The virtual world is fertile ground for exploration of social and identity issues. Like the crucible of competitive sports controversies, synthetic worlds let us burn away irrelevancies to reach abstract truths about, e.g., gender and sexuality. The computer-as-laboratory lets you control the environment and change one variable at a time, and every possible interaction and gesture can be recorded for examination.
Social worlds are the most numerous and have the most users, and so provide the most opportunity for study. Although the examples are still from social worlds, this article is the first I’ve seen that addresses avatar gender in the workplace. My take-away is, “On the internet, no one knows you’re a dog of the wrong gender.” Men can be women if it helps a sale. Women can be men if it helps a negotiation. Otherwise, it’s just not a big deal.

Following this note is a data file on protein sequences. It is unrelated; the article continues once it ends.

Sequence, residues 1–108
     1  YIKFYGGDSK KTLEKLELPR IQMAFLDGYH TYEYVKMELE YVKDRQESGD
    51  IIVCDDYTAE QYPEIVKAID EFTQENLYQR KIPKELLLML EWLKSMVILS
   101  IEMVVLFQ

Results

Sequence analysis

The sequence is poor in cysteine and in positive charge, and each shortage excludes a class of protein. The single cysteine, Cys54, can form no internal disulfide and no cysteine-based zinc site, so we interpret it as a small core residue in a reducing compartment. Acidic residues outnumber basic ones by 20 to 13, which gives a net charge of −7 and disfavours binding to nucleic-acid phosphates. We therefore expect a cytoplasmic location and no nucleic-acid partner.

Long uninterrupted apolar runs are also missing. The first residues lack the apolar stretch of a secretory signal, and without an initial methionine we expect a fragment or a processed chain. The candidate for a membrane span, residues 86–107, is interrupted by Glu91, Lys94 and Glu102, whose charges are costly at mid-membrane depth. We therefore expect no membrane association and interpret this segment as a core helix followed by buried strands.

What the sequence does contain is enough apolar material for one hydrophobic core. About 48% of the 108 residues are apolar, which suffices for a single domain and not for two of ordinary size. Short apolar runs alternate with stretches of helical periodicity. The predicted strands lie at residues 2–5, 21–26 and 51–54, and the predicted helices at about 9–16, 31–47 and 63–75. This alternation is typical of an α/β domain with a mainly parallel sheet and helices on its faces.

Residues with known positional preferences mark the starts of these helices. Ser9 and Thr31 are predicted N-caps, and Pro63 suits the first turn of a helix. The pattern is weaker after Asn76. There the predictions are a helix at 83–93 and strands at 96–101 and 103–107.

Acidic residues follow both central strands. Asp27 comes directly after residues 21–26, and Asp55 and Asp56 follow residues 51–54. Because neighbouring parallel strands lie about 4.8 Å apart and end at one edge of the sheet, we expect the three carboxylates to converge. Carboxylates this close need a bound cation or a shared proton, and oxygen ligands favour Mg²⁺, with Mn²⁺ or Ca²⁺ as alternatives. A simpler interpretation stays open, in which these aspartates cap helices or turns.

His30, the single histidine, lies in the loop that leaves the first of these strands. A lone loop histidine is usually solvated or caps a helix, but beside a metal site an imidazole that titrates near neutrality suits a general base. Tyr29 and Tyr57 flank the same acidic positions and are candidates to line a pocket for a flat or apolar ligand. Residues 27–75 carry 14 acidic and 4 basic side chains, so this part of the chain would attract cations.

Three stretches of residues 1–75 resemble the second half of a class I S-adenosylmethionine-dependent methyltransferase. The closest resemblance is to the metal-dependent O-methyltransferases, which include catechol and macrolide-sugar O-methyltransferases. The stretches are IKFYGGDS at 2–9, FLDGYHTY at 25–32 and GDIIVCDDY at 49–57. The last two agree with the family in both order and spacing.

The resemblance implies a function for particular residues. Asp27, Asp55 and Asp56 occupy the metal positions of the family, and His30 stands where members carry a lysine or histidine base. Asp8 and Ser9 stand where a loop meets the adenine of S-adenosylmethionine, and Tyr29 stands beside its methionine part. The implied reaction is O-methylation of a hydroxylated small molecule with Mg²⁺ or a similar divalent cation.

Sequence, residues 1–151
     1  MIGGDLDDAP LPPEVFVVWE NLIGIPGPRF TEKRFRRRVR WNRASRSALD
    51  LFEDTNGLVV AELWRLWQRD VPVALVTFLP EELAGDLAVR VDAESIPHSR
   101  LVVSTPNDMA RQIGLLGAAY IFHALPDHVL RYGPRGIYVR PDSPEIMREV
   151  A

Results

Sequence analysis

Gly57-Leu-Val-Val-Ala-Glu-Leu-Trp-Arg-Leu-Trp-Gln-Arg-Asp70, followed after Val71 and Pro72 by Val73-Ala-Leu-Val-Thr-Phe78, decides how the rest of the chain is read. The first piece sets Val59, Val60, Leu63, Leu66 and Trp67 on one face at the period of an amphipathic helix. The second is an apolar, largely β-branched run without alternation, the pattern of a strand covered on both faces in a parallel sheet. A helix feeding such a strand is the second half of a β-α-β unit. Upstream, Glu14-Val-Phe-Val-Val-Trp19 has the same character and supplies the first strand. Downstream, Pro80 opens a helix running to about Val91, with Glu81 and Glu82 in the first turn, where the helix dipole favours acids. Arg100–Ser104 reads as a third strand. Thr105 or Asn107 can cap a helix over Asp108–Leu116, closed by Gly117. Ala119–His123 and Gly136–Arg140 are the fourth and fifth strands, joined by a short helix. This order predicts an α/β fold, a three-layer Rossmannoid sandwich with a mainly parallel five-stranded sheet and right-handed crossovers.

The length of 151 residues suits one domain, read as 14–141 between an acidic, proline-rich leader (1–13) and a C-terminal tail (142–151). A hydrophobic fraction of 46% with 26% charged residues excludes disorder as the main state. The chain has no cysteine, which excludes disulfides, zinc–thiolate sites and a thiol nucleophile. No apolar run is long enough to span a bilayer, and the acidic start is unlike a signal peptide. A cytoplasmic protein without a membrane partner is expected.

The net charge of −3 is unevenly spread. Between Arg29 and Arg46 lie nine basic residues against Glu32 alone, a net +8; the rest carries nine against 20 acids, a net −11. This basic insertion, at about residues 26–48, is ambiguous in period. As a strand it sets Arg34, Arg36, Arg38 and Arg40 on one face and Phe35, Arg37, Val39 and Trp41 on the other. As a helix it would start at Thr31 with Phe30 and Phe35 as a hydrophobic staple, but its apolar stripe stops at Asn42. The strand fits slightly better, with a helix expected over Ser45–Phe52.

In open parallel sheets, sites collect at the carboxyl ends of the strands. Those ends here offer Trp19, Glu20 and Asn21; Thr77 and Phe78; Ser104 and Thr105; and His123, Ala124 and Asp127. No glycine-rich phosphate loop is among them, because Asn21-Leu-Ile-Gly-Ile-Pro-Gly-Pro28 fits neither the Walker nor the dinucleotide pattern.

I suspect, though, that we can do even better. I think we’ll see a Village People effect in which we will become both more aware and more comfortable with differences that are now still scary to many people.
< %image(20090829-Gray-Lego.png|202|384|Abstract avatar, with optional badge photo and without face photo.)%>< %image(20090829-avatar-choices.png|311|432|Choice of animated avatar from dropdown list.)%>< %image(20090829-Casual-John.png|159|403|Informally popular pre-designed avatar choice.)%>